Public university offered course credit to campaign for Obama, may have violated election law
A public university in Colorado offered course credit to students to volunteer on President Obama’s reelection campaign, Campus Reform learned on Tuesday.
The offer, which has since been retracted, appears to have violated the Colorado Fair Campaign Practices Act, section 1-45-117, which bans the use of public resources for “campaigns involving the nomination, retention, or election of any person to any public office.”
Adams State University posted the opportunity late last week on its website stating: “The Obama Campaign Internship (GOVT 279 Presidential Election Internship) will be a 12 week long organizing internship for the Obama Campaign.”
No similar offer was made for students to participate on the presidential campaign for Mitt Romney, who is the Republican nominee for the White House.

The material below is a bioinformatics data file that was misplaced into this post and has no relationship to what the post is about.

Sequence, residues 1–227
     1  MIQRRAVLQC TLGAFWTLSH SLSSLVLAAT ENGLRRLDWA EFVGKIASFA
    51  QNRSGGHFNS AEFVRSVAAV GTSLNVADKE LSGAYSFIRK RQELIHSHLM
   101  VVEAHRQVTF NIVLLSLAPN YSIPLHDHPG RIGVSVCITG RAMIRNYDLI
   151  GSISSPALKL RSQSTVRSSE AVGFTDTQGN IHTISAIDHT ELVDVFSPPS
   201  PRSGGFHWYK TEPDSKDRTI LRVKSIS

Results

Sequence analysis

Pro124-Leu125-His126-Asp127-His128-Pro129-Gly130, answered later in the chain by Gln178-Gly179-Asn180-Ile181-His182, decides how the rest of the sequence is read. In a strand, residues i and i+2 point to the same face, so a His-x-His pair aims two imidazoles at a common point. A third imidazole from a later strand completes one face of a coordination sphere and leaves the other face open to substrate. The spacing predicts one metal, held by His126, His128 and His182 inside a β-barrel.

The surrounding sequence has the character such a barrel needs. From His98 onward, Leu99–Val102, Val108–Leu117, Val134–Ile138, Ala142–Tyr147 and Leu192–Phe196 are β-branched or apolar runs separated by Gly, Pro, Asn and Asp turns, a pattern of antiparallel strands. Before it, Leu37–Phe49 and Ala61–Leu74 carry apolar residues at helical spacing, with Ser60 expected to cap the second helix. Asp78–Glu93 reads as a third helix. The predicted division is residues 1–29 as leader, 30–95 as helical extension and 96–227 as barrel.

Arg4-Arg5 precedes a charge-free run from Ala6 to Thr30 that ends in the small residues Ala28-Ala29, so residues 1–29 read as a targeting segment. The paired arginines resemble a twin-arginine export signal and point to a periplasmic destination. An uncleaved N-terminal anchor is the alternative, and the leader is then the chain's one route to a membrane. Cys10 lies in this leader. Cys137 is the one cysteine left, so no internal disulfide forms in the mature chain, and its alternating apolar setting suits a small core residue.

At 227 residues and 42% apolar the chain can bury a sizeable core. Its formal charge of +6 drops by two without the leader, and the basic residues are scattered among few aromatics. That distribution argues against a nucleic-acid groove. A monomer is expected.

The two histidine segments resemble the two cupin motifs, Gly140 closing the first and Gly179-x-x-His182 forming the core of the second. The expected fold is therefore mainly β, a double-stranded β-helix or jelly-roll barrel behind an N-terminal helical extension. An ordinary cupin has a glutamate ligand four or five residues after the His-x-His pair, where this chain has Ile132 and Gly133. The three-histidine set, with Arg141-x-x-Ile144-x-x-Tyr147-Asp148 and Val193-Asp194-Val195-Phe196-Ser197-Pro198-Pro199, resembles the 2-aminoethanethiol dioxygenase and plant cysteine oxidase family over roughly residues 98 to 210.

Julie Waecter, Assistant to the president for communications at Adams State, told Campus Reform on Tuesday that while the public university did offer the credit no public resources were deployed towards that end.
“No state funds are being used to pay for students working on the campaign,” she said.
She added that the school had decided to cancel the offer.
To obtain school credit, individuals would have been required to volunteer for the Obama campaign for at least 15 hours each week and attend an all-day training session on September 20th.
The written announcement on the university’s website explained that the program “offers high-level campaign organizer training and in-depth involvement in one of the most expensive Presidential races in recent history.”
A link to the Obama campaign’s official website was also included in the post.
A few hours after Campus Reform inquired about the course offering, the post advertising the opportunity was removed from the university’s website.
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H/T: Stephanee Freer